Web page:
We also present the changes in the surface and bottom current horizontally. Figure 4e1–g1 show that when the estuary deepened (1977–1994 and 2003–2010), the surface current velocity increased in the channel, and when the estuary shoaled (1994–2003), the surface current velocity in the channel decreased. The changes in the bottom current showed a similar trend (Fig. 4e2–g2), except at the upper part of the channel from 1977 to 1994, in which the width was considerably decreased.
Along with the change in the longitudinal estuarine circulation, the salt intrusion in Sec. A did not change significantly from 1977 to 1994 but increased from 2003 on, particularly in 2010, when the isohaline of 15 psu reached Sec. B1, whose salinities were less than 12 psu in previous years (Fig. 4a–d). The salt intrusions at the surface and bottom gradually increased with the estuary narrowing (Fig. 4e1–g2).
To analyze the changes of lateral circulation in the estuary, we show the structure and intensity of the lateral circulation at the two cross sections (Figs. 5 and 6).
In Sec. B1 (Fig. 5), with the increase of water depth, the salinity difference between the surface and bottom increased, along with an increase in the bottom salinity. For the lateral circulation, there was no distinct gyre structure in 1977. In 1994, the lateral flow was dominated by an eastward flow. In 2003, a clockwise vortex developed over the West Shoal (0.5–1 km). Meanwhile, a counterclockwise circulation with smaller vortex intensity was developed in the region of 1–2 km from the western shore. Another clockwise circulation developed over the East Shoal. When the estuary became deepened in 2010, the distribution of the lateral circulation was similar to that in 1977, but the vortex intensity increased significantly to about 2–4 times that of 1977.
Figure 6 shows the changes in lateral circulation in Sec. B2. With the decrease of estuary width, the salinity increased in the cross section over the years. There developed a clockwise circulation at the right of the deep channel in 1977 and 1994. This clockwise vortex was seen to move westward from 2003 on. The spatial extent of the clockwise circulation in the deep channel increased significantly over time. Clockwise vortices developed over the East Shore from 1977 to 2010, but their intensity became weaker starting from 2003. In 1977 and 1994, the distance between the deep channel and the East Shore was greater than 2 km, which was sufficient for accommodating clockwise vortices. From 2003 on, the accommodation space at the East Shore became limited and restricted the full development of the clockwise vortex. Over the West Shoal, the lateral circulation pattern showed a counterclockwise circulation in 1977 and 1994. However, since 2003, the lateral circulation over the West Shoal began to develop a two-cell pattern, with a counterclockwise gyre at the surface and a clockwise one near the bottom. The clockwise cell developed well in 2010.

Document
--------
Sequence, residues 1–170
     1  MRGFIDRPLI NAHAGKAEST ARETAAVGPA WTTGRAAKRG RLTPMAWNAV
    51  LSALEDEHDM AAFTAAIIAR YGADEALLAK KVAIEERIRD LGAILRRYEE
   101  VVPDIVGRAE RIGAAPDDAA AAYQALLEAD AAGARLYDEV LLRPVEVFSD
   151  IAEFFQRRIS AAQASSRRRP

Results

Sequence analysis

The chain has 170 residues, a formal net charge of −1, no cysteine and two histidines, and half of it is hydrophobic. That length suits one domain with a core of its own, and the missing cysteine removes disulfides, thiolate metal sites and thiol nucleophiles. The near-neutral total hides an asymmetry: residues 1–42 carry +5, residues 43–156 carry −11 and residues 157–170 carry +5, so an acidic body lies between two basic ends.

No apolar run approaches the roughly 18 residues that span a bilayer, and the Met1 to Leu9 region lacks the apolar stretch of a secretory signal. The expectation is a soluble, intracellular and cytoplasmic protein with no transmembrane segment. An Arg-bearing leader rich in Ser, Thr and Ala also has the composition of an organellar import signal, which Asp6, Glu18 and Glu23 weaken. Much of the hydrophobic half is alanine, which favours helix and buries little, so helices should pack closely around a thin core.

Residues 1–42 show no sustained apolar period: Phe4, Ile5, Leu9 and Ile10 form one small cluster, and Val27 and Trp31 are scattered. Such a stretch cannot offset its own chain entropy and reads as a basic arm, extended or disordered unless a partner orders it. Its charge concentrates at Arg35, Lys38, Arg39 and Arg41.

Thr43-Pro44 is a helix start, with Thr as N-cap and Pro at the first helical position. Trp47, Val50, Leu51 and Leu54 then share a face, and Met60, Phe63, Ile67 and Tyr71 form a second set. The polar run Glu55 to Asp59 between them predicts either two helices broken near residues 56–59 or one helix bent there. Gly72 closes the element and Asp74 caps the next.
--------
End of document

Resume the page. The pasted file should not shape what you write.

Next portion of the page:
As a whole, over the study period, the longitudinal estuarine circulation continued to increase, whereas the lateral circulation experienced varying changes at different cross sections. In the upstream cross section (Sec. B1), when the estuary narrowed, the original pattern of two-cell vortices with opposite polarity was disrupted. However, it was amplified in 2010 when the water depth was increased. At the cross section in the middle of the estuary (Sec. B2), a similar two-cell pattern was developed. However, in 2003 and 2010, the single cell at the West Shoal was split into two cells: a counterclockwise cell at the surface and a clockwise cell at the lower part.
3.4 Relationship between the changes in the intensity of estuarine circulation and the changes in topography
To further quantitatively identify the influence of topographic changes on the estuarine circulation, we calculated the changes in the intensity of estuarine circulations in the longitudinal and lateral directions. The magnitude of estuarine circulation in the longitudinal section was used to represent the intensity of the longitudinal estuarine circulation (Chen and Sanford, 2009). The method was to subtract the subtidal longitudinal velocity of the bottom layer from that on the surface layer. The magnitude of the vorticity in the cross sections was used to represent the intensity of the lateral circulation (Becherer et al., 2015) and is expressed as
where wy is the longitudinal vorticity in the cross sections. w and u are the currents in the vertical and lateral directions, respectively. is small and can be ignored; therefore, Eq. (2) can be simplified as
When wy is positive, the lateral circulation is a counterclockwise vortex; conversely, when wy is negative, the lateral circulation is a clockwise vortex.
The results of the averaged intensity of estuarine circulation along Sec. A and the averaged intensity of vorticity in the cross sections are listed in Table 4.
Table 4 indicates that the longitudinal estuarine circulation intensity increased with the estuary narrowing and was largest (0.0594 m s−1) in 2010.
The lateral circulation intensity varied in different cross sections. For Sec. B1, it increased gradually when the estuary deepened (from 1994 to 2010). When the deepening rate reached the maximum (61.47 %) in 2010, the lateral circulation intensity reached the maximum as well. The intensity of lateral circulation increased when the estuary deepened and narrowed (from 1977 to 1994 and from 2003 to 2010), but it decreased when the estuary shallowed and narrowed (from 1994 to 2003). For Sec. B2, the intensity of lateral circulation decreased when the estuary deepened and narrowed (from 1977 to 1994 and from 2003 to 2010). However, this trend was altered when the estuary entered into the “narrowing and shallowing period”, with the deepening rate being −5.19 %. It indicates that changes in water depth were the dominant factors affecting the lateral circulation intensity.